In embodiments shown in FIGS. 9-12, the wad 13A additionally has an exhaust gas passage 32 diametrically extending to the outer periphery of the wad body 13A', and an exhaust gas passage 33 which extends perpendicularly to the passage 32 on the axis of the wad body from the passage 32 to the top face of the rod 19A. The slug 14A has a center vent 34 which can be connected to the passage 33 of the wad 13A when the slug 14A and the wad 13A are assembled together.

In embodiments illustrated in FIGS. 13-17, the rod 27 of the slug 14B (FIGS. 15 and 16) has at its bottom end a diametrically extending groove 35. Furthermore, the head 26 of the slug 14B has at its top end a recess 36 which is, for example, conical. The recess 36 causes the head 26 to be cracked or deformed when the head 26 is hit into a game, so that the kill power can be increased.

The wad 13B (FIGS. 13 and 14) has a diametrically extending hole 37 which has a diameter smaller than the width of the groove 35 of the slug 14B and which is centrally located in the groove 35 when the rod 27 of the slug 14B is completely press-fitted in the blind hole 29 of the wad 13B. In the hole 37 is press-fitted a pin 38 shown in FIG. 17 which has an axial length equal to the diameter of the wad body 13B'. The pin 38 is adapted to positively transmit the torque of the wad 13B to the slug 14B. When the wad 13B and the slug 14B are assembled together, the groove 35 extends parallel to the pin 38, as shown in FIGS. 13 and 14.

Alternatively, the pin 38 can be dispensed with and instead thereof, a diametrically extending projection 60 can be provided on the bottom of the blind hole 29, as shown in FIG. 30. In FIG. 30, the projection 60 has a profile corresponding to the profile of the groove 35 (FIG. 15) of the slug 14B, so that the projection 60 can be fitted in the groove 35 in order to transmit the rotational movement of the wad to the slug. The combination of such a male element (the projection 60) and a female element (the groove 35) can be provided between the mating faces of the wad and the slug.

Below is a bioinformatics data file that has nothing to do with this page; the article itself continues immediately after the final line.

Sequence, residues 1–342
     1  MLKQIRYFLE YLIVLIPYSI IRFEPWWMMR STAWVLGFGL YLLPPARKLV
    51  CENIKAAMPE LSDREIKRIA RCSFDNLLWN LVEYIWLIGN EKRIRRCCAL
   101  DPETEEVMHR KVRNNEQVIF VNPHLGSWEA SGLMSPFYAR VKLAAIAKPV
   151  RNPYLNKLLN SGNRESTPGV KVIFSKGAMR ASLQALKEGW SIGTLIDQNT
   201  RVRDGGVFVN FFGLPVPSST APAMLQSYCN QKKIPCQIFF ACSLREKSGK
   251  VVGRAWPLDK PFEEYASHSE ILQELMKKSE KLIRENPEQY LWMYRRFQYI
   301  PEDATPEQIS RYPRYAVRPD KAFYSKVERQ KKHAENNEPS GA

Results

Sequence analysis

It should be noted that the torque of the wad can be transmitted to the slug, by means of various kinds of connection systems between the wad and the slug, such as a press-fit connection which utilizes a frictional force between the wad and the slug, set screws which integrally connect the wad and the slug, polygonal, oval or cross shaped connectors which are complemental to each other, serration connectors, or convex and concave connectors.

When the firing pin (not shown) strikes the primer 10 to explode the gunpowder, an explosive gas is produced. When the explosive pressure reaches approximately 70 lb/in2, the disc cover 30 (FIG. 4) is broken, so that a part of the explosive gas comes into the blind holes 20 and is ejected into the gap 24 through the restriction passages 21. The explosive gas which is ejected from the restriction passages 21 and which is an exhaust gas is discharged into the atmosphere ○1 through the gap 24, gap 23 and the crimp 15 which has heen opened or released by the slug 14 when the explosion has occurred, in FIGS. 5-8, or ○2 partly through the gap 24, gap 23, and the crimp 15, and partly through the gap 24, the exhaust gas passages 32 and 33, the vent hole 34 and the muzzle, in FIGS. 9-12, or ○3 through the gap 24, gap 23, and the crimp 15, in FIGS. 13-16.

The ejection of a part of the explosive gas from the restriction passages 21 produces a torque of the wad 13 (or 13A, 13B) due to the jet propulsion, so that the wad can be rotated in a predetermined direction. The rotation of the wad is transmitted to the slug 14 (or 14A, 14B) during the passage thereof through the barrel bore. Thus, the assembly of the wad and the slug can be fired from the muzzle while rotating in a predetermined direction.

How the wad can be rotated by the explosive gas is as follows:

When, in FIG. 18, the pressure receiving area of the side portion of the inner wall of each of the blind holes 20 as indicated by letters CDE is compared to that indicated by letters EFC, it will be seen that the former is larger than the latter by the effective sectional area of each of the restriction passages 21 because each restriction passage opens toward that EFC side. Accordingly, a pressure difference takes place between the pressure receiving areas of both of the above-mentioned sides due to the difference in width between their pressure receiving areas and forces P acting in the directions of arrows in FIG. 18 generate whereby a torque about the central point 0 of the wad is obtained.

By properly designing the sectional area of the restriction passages 21, the assembly has a desirable number of revolutions when it comes to the muzzle. Thus, according to the present invention, a rotating slug can be fired by a shotgun having non-rifle barrel, as if by a rifle, with a high hit probability.